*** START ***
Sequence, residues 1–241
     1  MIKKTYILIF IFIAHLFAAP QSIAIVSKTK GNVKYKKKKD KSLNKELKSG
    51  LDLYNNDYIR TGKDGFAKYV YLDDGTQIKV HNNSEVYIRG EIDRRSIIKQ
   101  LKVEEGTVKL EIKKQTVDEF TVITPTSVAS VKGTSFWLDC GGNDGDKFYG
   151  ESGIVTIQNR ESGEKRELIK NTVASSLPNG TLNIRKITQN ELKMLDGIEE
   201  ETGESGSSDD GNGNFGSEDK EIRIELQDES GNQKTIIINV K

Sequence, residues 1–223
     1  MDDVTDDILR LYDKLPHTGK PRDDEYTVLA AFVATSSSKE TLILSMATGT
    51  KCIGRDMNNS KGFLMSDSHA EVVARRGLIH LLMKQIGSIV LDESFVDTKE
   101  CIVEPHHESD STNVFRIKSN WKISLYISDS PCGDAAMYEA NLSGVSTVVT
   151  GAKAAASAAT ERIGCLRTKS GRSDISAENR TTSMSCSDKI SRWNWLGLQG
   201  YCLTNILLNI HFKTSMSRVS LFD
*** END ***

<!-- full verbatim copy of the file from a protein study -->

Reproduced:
Sequence, residues 1–241
     1  MIKKTYILIF IFIAHLFAAP QSIAIVSKTK GNVKYKKKKD KSLNKELKSG
    51  LDLYNNDYIR TGKDGFAKYV YLDDGTQIKV HNNSEVYIRG EIDRRSIIKQ
   101  LKVEEGTVKL EIKKQTVDEF TVITPTSVAS VKGTSFWLDC GGNDGDKFYG
   151  ESGIVTIQNR ESGEKRELIK NTVASSLPNG TLNIRKITQN ELKMLDGIEE
   201  ETGESGSSDD GNGNFGSEDK EIRIELQDES GNQKTIIINV K

Sequence, residues 1–223
     1  MDDVTDDILR LYDKLPHTGK PRDDEYTVLA AFVATSSSKE TLILSMATGT
    51  KCIGRDMNNS KGFLMSDSHA EVVARRGLIH LLMKQIGSIV LDESFVDTKE
   101  CIVEPHHESD STNVFRIKSN WKISLYISDS PCGDAAMYEA NLSGVSTVVT
   151  GAKAAASAAT ERIGCLRTKS GRSDISAENR TTSMSCSDKI SRWNWLGLQG
   201  YCLTNILLNI HFKTSMSRVS LFD